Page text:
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Summary of the Second Conference of the Parties for the Minamata Convention on Mercury

19-23 November, 2018, Geneva, Switzerland.

The Zero Mercury Working Group (ZMWG) closely followed the Second Conference of the Parties for the Minamata Convention on Mercury (COP2) in Geneva, Switzerland, 19-23 November 2018, and intervened as appropriate Our main priorities for COP2 were waste thresholds, interim storage guidelines, and effectiveness evaluation. We also closely followed matters for future action, including the review process of annexes A and B; and harmonized custom codes to distinguish mercury-added products.

Waste Thresholds

Decision MC2/2 established a process to develop mercury waste thresholds. As advocated by ZMWG, an expert group will focus its efforts on establishing mercury content thresholds for “waste contaminated with mercury”.  The group will also develop lists of wastes falling under three definitional categories: “consisting of mercury,” “containing mercury” and “contaminated with mercury.”

Effectiveness Evaluation

Decision MC 2/10 amended the effectiveness evaluation roadmap set forth in COP 1, modifying the experts mandate and composition of its membership while agreeing on an outline of work.  The group will review the outcome indicators developed previously as part of the EE framework, and further elaborate on sources of information and baselines for those indicators. It will consider how to integrate monitoring data into the framework. In addition, the group will identify those categories of monitoring data most effective in providing information on global trends, what data could be used to assess the impact on levels and trends of mercury, and data limitations. Importantly, as advocated by ZMWG, the group will also assess the information, identify gaps and outline options to enhance the quality of the information.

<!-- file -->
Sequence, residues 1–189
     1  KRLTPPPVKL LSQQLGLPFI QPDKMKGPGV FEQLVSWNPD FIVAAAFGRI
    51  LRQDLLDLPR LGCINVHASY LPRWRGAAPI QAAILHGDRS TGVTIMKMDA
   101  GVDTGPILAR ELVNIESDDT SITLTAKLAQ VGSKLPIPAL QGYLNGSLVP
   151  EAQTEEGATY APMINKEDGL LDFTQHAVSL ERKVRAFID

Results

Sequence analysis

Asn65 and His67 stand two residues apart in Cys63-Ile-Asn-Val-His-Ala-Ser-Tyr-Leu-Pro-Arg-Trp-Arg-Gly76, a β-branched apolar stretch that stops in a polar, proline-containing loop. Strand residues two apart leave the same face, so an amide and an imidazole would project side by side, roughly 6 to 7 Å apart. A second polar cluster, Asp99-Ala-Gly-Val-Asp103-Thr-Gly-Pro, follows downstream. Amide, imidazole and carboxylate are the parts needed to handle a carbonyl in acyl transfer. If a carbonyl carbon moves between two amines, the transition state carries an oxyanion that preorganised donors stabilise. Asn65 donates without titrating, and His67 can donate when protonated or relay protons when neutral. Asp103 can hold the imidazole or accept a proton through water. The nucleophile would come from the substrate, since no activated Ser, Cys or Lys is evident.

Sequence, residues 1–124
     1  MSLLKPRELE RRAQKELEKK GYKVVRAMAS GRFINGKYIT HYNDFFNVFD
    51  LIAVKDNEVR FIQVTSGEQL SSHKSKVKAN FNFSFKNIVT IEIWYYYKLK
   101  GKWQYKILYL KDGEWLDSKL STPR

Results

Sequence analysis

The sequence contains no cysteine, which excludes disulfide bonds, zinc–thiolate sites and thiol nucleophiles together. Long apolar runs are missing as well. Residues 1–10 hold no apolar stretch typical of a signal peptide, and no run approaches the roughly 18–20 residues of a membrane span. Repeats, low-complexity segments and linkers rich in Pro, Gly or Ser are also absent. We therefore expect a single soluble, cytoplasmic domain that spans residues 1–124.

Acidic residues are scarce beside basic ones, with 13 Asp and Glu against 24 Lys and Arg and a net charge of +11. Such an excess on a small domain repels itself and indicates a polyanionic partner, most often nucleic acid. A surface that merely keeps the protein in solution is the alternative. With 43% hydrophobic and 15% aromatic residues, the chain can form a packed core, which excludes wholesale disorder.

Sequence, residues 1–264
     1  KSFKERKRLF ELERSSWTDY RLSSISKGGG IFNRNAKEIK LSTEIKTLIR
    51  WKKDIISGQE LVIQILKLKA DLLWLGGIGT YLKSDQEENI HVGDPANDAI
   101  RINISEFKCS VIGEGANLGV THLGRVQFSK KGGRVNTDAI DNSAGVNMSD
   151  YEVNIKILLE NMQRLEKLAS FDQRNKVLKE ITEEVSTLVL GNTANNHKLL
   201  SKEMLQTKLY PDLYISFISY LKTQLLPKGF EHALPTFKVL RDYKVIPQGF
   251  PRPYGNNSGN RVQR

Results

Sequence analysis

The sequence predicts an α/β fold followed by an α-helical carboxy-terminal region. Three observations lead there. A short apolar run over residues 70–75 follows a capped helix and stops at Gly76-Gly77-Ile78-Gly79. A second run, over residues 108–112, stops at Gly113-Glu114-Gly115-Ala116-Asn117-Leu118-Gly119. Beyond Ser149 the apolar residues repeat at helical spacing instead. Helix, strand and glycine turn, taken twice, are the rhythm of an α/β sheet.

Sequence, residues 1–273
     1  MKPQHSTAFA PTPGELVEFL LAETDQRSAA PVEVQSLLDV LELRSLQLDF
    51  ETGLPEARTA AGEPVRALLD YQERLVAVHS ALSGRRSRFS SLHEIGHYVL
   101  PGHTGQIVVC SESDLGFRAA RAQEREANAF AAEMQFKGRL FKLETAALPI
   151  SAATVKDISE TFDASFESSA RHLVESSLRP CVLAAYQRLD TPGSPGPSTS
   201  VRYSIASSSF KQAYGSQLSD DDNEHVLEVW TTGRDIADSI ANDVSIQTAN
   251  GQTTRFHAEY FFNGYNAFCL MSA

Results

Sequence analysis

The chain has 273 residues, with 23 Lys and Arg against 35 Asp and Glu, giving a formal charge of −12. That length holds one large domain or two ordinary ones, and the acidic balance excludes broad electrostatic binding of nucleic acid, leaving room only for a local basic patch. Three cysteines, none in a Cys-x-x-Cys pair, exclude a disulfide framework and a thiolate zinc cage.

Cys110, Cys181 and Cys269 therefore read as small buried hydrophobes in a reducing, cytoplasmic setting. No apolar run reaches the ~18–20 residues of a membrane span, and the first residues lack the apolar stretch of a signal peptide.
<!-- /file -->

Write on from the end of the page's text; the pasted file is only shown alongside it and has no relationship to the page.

Interim storage 

Decision MC 2/6 adopted the interim mercury storage guidelines which included a number of key elements to facilitate environmentally sound management.  We were pleased to see many of the important elements that ZMWG had proposed during the intersessional period are included in the guidelines, including provisions on financial assurances related to closure of the sites.

Releases

Decision MC 2/3 established an intersessional process to identify relevant point source categories of releases of mercury and mercury compound to land and water, including the establishment of a group of technical experts.

Contaminated sites

Decision MC 2/8 invites parties and other stakeholders to submit additional comments and information to complement and further improve the draft guidance, calling in particular for information and comments to make the guidance more practicable.

Review of Annex A and B

No specific decision was taken by the COP to start reviewing annexes A and B. However, a call for relevant information was launched by the Secretariat to prepare for COP3.

This is an important area for ZMWG; given the technological and political developments around the world since Annex A and B were adopted in 2013, we will be seeking to further strengthen the Convention.

HS Codes for mercury-added products